Life and Death Quotations


But what is the use in trying to live simply, raising what you eat, making what you wear, building what you inhabit, burning what you cut or dig, when those to whom you are allied insanely want and will have a thousand other things which neither you nor they can raise and nobody else, perchance, will pay for?—Journal, 5 November 1855
Always there is life which, rightly lived, implies a divine satisfaction.—Journal, 14 November 1839
These earthly sounds should only die away for a season, as the strains of the harp rise and swell. Death is that expressive pause in the music of the blast.—Journal, 29 December 1841
You conquer fate by thought. If you think the fatal thought of men and institutions, you need never pull the trigger. The consequences of thinking inevitably follow.—Journal, 6 May 1858
Do not dissect a man till he is dead.—Journal, 14 September 1841
We are ever dying to one world and being born into another, and possibly no man knows whether he is at any time dead in the sense in which he affirms that phenomenon of another, or not.—Journal, June 1850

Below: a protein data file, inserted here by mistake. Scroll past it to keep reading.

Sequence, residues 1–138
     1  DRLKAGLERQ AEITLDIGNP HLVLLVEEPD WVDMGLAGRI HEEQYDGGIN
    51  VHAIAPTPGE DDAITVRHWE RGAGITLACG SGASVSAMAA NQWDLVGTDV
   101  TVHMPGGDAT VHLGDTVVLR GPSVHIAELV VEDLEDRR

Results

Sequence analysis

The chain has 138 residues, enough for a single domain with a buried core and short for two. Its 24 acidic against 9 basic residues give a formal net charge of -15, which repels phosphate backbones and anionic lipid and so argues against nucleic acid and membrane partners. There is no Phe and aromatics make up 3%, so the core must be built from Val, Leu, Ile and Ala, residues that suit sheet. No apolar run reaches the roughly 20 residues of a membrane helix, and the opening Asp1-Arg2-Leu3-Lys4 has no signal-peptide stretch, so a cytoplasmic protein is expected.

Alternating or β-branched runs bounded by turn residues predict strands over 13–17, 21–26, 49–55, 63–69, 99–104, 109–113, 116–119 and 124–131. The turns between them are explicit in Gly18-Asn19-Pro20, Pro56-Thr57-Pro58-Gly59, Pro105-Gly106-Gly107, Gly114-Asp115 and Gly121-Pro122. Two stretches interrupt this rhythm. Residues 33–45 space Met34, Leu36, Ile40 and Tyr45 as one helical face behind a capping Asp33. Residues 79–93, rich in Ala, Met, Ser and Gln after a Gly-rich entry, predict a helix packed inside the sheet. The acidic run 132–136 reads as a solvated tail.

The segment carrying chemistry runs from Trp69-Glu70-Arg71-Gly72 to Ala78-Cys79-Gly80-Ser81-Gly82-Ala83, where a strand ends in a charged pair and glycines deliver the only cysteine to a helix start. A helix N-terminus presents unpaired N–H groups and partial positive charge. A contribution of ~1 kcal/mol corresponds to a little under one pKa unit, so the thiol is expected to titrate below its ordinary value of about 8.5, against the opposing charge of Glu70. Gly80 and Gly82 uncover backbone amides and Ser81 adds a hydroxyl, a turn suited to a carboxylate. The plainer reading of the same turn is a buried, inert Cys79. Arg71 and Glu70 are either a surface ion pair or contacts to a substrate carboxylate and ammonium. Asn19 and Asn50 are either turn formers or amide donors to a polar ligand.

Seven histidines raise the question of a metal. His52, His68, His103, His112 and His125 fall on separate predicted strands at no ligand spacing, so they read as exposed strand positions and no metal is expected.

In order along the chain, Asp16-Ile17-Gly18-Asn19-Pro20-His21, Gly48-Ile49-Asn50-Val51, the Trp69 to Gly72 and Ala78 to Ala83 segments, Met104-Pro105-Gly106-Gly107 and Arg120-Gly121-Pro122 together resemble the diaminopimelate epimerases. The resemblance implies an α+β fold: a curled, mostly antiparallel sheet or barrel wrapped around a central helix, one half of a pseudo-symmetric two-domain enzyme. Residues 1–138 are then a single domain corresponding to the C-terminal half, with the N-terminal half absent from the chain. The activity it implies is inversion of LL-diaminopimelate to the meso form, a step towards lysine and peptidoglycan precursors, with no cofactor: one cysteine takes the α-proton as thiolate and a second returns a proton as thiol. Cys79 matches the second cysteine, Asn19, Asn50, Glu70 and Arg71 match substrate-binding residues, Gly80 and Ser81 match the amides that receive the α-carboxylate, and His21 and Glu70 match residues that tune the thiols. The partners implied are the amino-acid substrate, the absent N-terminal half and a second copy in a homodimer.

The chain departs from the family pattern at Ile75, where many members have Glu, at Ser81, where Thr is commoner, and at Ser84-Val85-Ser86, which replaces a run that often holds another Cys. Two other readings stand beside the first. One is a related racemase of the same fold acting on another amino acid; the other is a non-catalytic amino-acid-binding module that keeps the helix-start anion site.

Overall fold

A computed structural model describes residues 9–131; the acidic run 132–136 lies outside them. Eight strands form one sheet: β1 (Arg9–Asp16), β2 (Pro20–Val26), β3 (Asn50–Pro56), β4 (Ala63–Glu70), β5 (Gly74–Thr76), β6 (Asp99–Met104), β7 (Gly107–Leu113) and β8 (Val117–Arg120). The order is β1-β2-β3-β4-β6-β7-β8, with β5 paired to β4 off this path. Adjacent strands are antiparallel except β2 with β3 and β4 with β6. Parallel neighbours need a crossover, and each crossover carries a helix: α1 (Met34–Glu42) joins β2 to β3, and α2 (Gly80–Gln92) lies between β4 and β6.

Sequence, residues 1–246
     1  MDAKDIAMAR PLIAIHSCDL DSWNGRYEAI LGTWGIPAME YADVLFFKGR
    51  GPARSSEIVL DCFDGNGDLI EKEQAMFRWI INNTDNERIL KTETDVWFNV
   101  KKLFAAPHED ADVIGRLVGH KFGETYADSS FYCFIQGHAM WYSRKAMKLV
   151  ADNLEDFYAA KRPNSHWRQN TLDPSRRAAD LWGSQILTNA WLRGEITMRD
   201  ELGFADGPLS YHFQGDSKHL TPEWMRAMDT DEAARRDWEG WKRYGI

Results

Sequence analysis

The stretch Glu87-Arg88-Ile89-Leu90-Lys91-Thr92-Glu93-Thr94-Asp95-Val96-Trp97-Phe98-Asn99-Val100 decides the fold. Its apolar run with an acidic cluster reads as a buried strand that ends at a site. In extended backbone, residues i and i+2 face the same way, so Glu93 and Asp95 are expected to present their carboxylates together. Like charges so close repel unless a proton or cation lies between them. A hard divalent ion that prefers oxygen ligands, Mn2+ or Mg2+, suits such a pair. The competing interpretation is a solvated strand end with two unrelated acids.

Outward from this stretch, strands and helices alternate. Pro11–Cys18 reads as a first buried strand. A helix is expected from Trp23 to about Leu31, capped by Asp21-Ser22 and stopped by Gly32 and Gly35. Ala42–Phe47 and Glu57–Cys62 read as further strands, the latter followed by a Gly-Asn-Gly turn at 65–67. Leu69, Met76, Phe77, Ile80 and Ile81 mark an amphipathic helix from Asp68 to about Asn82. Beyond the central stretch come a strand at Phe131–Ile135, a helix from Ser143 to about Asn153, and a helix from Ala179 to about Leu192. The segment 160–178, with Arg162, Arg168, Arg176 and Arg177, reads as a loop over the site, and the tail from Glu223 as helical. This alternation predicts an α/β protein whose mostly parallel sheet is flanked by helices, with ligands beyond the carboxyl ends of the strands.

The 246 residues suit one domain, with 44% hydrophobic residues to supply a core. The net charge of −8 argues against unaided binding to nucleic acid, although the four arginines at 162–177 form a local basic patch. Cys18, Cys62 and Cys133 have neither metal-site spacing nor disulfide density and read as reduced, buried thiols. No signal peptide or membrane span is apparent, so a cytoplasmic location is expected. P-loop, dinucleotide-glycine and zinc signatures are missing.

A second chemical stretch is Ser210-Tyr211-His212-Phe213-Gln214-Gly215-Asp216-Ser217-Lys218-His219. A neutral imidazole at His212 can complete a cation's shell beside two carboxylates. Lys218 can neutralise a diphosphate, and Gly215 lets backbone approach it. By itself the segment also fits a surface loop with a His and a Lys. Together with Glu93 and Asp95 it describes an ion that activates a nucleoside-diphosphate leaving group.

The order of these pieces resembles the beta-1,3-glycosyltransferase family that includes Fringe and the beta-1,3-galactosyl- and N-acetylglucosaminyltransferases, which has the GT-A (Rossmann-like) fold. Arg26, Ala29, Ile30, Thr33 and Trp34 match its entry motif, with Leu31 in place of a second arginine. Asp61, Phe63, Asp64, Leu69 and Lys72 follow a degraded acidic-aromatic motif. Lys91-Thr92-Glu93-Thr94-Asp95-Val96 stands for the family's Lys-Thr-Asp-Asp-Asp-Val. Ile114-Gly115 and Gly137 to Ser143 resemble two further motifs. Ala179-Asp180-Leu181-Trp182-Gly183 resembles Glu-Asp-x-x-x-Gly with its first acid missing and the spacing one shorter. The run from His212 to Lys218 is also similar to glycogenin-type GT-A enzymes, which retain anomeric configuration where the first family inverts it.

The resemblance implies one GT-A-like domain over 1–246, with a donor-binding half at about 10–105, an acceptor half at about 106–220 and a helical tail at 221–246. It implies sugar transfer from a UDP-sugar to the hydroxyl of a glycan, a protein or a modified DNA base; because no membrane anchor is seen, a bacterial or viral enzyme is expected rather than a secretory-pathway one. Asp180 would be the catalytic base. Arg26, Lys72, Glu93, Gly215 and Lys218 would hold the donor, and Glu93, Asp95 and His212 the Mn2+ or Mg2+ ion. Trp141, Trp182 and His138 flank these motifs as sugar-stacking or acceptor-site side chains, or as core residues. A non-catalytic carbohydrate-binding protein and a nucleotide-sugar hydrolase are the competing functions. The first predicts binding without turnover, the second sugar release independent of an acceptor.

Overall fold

At death our friends and relations either draw nearer to us and are found out, or depart further from us and are forgotten. Friends are as often brought nearer together as separated by death.—Journal, 24 December 1850
We begin to die, not in our senses or extremities, but in out divine faculties. Our members may be sound, our sight and hearing perfect, but our genius and imagination betray sings of decay.—Journal, 27 January 1854
However mean your life is, meet it and live it; do not shun it and call it hard names.—Walden 
The life is not for complaint, but for satisfaction.—The Correspondence of Henry David Thoreau
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